Blog and Vlog

Latest Updates
AuDHD Dual Diagnosis

No two Autistic people are the same, no two ADHD people are the same, no two autistic and ADHD people are the same. This is just my experience. This isn’t everything but it’s the main stuff I can think of right now.

  • Time: I don’t experience time like other people. I often have multiple thoughts in my head at the same time, and I am living in the past, present and sometimes emotionally the future at the same time (I don’t envision myself as being in the future here).

    I’ll explain with an example. I love cats, I have had pets throughout my lifetime – I have been privileged here immensely. When I pet my cats – at the same time I can be processing time in three ways:I am thinking about my past experiences while petting the cat
    I am also processing the sensory stuff in the present and I am feeling happy
    I am simultaneously experiencing the grief of losing the cat I am stroking due to knowledge of this and will be crying at the same time
  • Memory: My memory isn’t sequential. I also don’t have any visual memory. I have aphantasia (no mind’s eye). I cannot play a sequence of memory out in my head – it’s all loose association.

    In spite of this I have a pretty massive memory for stuff, but it’s not specifically detail oriented – instead my brain will categorise stuff like the Dewey decimal system almost – except this index is far more abstract. It’s also incredibly powerful – while I may not know everything about specific information – I will have stored how to access that information again – this can be page numbers, journal titles, google search terms, lyrics in songs, sequences of words to search, sequences of numbers.

    It’s pretty awesome but it has a significant drawback also – there’s emotional indexing as well. And the categories associated with bad memories are far more complete. When I get anxiety or have intrusive thoughts – my brain will queue all the bad memories associated with this feeling to play in rapid succession. Because I have no concept of time, the emotions and feelings are as powerful as they were when I first experienced them. I can usually suppress outwardly displaying this emotion but the cost is anxiety.
  • Executive Function – I am a sim. That’s the best analogy that I can give. Due to the vast amount of information that my brain is constantly processing (a lot of it utterly irrelevant), I queue up actions. Sometimes these behaviours don’t make sense to other people, e.g. I will walk around a table sometimes before I go to get something out of a draw – this is sort of an auto pilot mechanism. My brain knows that I need to do X but it’s already decided that it needs to do this Y list before it can reach that task.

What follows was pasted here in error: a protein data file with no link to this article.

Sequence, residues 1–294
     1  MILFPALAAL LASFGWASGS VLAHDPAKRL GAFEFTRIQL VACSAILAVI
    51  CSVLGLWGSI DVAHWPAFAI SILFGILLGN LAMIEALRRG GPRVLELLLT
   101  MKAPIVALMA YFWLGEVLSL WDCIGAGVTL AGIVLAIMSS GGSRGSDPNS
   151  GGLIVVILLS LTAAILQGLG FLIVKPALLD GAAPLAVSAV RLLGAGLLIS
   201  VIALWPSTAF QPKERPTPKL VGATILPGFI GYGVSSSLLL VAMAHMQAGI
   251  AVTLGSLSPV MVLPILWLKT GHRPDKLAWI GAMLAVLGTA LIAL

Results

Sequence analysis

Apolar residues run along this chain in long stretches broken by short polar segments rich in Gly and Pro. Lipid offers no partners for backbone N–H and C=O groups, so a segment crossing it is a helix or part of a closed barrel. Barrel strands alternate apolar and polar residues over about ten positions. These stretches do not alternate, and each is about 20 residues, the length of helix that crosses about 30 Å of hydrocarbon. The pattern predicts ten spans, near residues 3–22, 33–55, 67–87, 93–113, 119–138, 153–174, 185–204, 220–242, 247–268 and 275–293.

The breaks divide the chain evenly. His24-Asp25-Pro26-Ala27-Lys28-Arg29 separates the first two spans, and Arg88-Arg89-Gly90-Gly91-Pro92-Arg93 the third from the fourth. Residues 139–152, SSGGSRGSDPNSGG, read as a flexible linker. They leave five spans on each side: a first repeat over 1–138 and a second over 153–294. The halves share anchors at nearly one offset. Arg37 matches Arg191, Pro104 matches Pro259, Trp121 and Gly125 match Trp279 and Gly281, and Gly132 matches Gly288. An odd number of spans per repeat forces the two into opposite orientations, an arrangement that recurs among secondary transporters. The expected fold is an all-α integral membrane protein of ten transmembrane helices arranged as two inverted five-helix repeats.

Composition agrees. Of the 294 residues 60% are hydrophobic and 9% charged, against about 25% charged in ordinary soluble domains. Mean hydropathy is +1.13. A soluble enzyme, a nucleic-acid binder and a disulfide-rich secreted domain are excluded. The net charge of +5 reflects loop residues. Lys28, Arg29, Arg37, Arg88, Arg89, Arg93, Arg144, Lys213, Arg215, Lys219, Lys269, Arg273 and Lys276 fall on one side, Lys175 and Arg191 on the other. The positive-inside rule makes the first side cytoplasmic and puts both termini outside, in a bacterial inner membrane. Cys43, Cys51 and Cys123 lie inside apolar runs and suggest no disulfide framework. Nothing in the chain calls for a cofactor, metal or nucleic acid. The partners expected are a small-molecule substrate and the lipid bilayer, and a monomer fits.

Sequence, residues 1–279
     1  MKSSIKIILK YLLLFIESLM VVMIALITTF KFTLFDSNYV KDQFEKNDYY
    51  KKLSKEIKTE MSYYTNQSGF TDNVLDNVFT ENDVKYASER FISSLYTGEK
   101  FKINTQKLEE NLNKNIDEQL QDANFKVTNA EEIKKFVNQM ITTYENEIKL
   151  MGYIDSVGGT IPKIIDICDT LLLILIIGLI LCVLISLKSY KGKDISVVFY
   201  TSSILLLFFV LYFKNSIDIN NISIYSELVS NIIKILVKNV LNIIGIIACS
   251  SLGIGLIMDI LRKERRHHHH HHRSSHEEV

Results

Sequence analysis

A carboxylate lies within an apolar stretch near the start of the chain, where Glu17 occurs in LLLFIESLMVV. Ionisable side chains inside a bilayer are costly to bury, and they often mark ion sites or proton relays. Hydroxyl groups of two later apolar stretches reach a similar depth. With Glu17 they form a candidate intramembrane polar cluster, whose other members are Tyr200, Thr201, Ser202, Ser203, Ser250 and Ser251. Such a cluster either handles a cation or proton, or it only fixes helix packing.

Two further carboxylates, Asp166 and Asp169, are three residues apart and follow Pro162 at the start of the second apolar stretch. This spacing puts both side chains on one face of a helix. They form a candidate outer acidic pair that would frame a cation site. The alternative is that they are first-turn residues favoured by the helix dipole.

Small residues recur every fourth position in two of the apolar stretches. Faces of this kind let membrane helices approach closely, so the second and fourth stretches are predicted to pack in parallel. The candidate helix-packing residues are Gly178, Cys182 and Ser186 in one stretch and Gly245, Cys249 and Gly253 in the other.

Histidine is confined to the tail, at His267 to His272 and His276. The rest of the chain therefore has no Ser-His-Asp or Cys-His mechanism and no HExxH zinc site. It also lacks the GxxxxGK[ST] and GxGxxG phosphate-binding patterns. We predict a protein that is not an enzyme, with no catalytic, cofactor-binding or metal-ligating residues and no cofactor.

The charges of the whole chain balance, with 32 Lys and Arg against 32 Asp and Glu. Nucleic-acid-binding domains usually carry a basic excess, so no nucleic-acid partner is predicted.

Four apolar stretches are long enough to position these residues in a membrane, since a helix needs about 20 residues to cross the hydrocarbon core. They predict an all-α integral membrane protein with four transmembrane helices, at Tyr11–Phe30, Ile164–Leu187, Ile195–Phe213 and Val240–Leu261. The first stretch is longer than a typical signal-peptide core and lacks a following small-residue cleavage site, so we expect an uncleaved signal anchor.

This is the reason I think I have so many issues with auditory processing. I don’t have the disorder, I have no problems actually following instructions, and I can discern different sounds. The issue is that I am often either traversing information nodes when people are talking to me, or living in alternative timelines. That means that information is queued usually – I have found on my low executive function ability days that the delay from hearing someone to that information being processed is usually 5-10 seconds if I am not too disengaged from reality. This is frustrating as hell for people who know me, and for me also.

    An example of this that is a frequent occurrence:I am processing a queue of stuff inside my head while not fully engaged in a specific task
    My wife asks me to do a task – I do not respond
    My wife repeats herself almost immediately
    The audio information from the initial task reaches my head
    I snap because I have actually queued up the task in my head, and I am processing the audio – her repeated instruction interrupts the audio processing and it makes me angry as I am usually about to start whatever she has asked.
    I have to moderate my response – but I sometimes fail – “GIVE ME SOME TIME”. I always immediately apologise – but I also internalise guilt.

Continue reading at.....


“Imagine that it’s 4:59 p.m., only one minute before your deadline.

You swore you’d never put yourself in this position again, and yet you have. This isn’t your best work, and you’ll be lucky just to turn anything in. What would you do differently if you could turn back the clock?”

Rob Rosenthal, Assistant Clinical Professor of Psychiatry at the University of Colorado has some suggestions.

In a blog post last week for The Conversation, he outlined four successful strategies that have emerged from his work with adults with ADHD:

  • Organisational systems and prioritising
  • Managing the environment and limiting distractions
  • Support networks
  • The need for sleep

Easier said than done!

Dr Rosenthal suggests starting with a smaller step in the right direction. He says: “As you incorporate these strategies, start with those that are most accessible to you. Though people with ADHD often chase novelty and chafe at routine, developing a routine is worth it. You might find that instead of racing to finish at the last minute, you have time to spare and are proud of what you’ve done.”

Read the full article here.

What strategies do you use to manage your ADHD?

Please contact me if you have any questions at all